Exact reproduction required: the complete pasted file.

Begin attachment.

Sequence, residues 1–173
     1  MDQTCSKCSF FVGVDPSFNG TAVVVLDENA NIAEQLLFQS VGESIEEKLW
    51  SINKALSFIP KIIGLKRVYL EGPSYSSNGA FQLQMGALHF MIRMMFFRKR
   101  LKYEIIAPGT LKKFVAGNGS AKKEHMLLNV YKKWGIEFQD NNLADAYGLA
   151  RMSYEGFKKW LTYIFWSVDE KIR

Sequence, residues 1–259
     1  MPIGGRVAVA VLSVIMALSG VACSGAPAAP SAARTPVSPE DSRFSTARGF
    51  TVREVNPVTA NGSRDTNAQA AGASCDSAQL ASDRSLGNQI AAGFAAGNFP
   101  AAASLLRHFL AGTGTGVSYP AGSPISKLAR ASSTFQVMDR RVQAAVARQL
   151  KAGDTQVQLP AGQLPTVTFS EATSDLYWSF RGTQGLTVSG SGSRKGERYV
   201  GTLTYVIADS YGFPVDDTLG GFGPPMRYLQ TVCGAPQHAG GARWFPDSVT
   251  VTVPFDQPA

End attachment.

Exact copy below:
Sequence, residues 1–173
     1  MDQTCSKCSF FVGVDPSFNG TAVVVLDENA NIAEQLLFQS VGESIEEKLW
    51  SINKALSFIP KIIGLKRVYL EGPSYSSNGA FQLQMGALHF MIRMMFFRKR
   101  LKYEIIAPGT LKKFVAGNGS AKKEHMLLNV YKKWGIEFQD NNLADAYGLA
   151  RMSYEGFKKW LTYIFWSVDE KIR

Sequence, residues 1–259
     1  MPIGGRVAVA VLSVIMALSG VACSGAPAAP SAARTPVSPE DSRFSTARGF
    51  TVREVNPVTA NGSRDTNAQA AGASCDSAQL ASDRSLGNQI AAGFAAGNFP
   101  AAASLLRHFL AGTGTGVSYP AGSPISKLAR ASSTFQVMDR RVQAAVARQL
   151  KAGDTQVQLP AGQLPTVTFS EATSDLYWSF RGTQGLTVSG SGSRKGERYV
   201  GTLTYVIADS YGFPVDDTLG GFGPPMRYLQ TVCGAPQHAG GARWFPDSVT
   251  VTVPFDQPA